to unwanted metal surfaces. To activate it, just depress the spring-loaded end-cap to extend the magnet beyond its
shield so it can retrieve the object. It can lift up to five pounds.
Lighted tools not only illuminate the work areathey reduce the need for auxiliary lighting and power. It's almost
like getting an extra hand. There are at least a dozen new lighted tools on the market. One popular and handy one is
the driver lighta high-torque magnetic screwdriver with a recessed push-button light built-in magnet for holding on to bits.
Mobile tool storage
The need for increased productivity also drives the trend toward more portable tool storage. Units that combine
plastic and steel provide lighter weight and higher performance and durability. The chests include small parts storage that's
so important in the field, with clear lids for easy identification. Wraparound bumpers help resist scratching and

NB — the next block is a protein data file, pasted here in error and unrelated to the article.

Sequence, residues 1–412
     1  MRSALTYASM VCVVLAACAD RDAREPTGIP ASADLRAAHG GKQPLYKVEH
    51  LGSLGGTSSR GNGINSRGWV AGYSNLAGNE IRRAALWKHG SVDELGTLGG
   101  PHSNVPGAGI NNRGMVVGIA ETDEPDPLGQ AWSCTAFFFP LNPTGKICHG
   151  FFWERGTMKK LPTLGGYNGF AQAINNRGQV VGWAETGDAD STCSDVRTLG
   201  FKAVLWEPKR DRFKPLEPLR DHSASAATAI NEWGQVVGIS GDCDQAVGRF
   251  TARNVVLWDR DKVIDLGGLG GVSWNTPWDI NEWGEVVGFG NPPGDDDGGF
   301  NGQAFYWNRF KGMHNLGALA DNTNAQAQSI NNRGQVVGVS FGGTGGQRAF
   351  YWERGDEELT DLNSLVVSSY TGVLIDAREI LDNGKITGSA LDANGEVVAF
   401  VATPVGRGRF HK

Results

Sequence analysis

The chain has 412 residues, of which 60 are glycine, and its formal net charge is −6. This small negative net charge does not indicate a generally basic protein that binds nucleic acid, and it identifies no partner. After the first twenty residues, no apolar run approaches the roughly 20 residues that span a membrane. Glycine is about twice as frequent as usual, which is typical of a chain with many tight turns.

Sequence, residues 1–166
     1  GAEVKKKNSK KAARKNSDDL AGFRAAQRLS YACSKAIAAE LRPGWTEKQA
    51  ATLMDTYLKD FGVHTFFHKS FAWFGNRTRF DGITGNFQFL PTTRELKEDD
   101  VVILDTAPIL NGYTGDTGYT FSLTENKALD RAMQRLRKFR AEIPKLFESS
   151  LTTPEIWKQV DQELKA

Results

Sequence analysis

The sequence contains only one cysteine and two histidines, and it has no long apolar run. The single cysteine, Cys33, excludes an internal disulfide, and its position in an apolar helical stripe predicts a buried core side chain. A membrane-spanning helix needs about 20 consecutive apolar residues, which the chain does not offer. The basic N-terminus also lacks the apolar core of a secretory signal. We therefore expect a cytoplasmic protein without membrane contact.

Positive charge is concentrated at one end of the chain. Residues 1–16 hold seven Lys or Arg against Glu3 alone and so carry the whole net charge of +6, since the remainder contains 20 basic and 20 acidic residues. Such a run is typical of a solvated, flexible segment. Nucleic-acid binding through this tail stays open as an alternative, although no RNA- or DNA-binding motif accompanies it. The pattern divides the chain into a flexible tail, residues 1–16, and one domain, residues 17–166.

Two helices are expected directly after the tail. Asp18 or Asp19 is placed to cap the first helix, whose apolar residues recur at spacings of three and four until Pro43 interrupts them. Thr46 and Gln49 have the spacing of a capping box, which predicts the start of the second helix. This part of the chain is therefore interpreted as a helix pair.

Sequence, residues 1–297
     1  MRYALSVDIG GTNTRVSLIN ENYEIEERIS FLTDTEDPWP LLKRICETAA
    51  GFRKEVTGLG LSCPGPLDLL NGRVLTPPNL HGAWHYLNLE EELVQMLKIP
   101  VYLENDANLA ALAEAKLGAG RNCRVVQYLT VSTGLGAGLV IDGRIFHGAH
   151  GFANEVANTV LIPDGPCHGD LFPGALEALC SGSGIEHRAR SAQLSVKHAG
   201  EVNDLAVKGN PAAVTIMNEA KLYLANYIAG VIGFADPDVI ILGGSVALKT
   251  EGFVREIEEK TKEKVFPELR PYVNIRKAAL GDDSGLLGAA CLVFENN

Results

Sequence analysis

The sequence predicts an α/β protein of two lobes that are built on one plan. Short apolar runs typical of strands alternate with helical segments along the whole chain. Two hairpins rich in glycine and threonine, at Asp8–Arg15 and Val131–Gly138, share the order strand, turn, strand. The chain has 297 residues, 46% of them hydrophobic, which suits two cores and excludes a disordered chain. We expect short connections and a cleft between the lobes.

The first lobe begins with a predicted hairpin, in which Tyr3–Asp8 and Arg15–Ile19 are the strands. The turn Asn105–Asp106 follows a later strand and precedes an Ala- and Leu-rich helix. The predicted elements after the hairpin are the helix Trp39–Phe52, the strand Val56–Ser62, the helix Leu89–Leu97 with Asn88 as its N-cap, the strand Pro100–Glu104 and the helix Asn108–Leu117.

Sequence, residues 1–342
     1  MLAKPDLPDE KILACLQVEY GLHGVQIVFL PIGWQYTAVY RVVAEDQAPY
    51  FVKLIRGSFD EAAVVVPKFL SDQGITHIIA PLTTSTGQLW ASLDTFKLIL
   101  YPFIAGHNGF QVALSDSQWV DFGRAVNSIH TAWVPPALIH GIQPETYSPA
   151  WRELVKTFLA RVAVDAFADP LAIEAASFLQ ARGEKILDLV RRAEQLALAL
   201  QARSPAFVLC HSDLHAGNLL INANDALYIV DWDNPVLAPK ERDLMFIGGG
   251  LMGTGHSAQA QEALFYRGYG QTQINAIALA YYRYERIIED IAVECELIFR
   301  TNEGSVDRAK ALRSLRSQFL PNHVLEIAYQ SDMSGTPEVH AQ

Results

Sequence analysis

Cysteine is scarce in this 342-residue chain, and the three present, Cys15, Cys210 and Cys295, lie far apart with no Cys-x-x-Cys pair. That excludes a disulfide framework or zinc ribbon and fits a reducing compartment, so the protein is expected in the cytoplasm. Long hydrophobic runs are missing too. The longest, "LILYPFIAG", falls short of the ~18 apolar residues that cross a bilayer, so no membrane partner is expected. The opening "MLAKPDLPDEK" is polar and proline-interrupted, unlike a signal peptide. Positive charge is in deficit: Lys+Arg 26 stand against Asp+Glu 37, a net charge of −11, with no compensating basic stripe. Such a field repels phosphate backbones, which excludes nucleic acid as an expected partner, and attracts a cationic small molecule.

marring. Compound action drawer slides open and close smoothly even when fully loaded saving time on-the-job and
increasing productivity. And the comfort-grip handle makes carrying a loaded chest easier.
Truckbed tool boxes use the dead space behind wheel well for secured storage with easy tailgate access. The boxes
lock onto 16-gauge mounting brackets. A keyed cam locking system secures tools against roadside impact. They fit full-
and mid-size pick-up trucks, vans, sports utility vehicles and RVs.
Whatever the particular need, there's usually a tool out there that can help you do your job quicker and easierand
with increasing emphasis on ergonomic design, one that reduces strain on muscles and joints. This article highlights just a
few of those. You can learn more by asking other dealers and your tool supplier for the latest information on new tools
that might prove useful to you and your employees.
Reprinted with permission of Water Conditioning & Purification Magazine, Copyright February 2000. Any reuse or
republication in part or whole, must be with the written consent of the Publisher.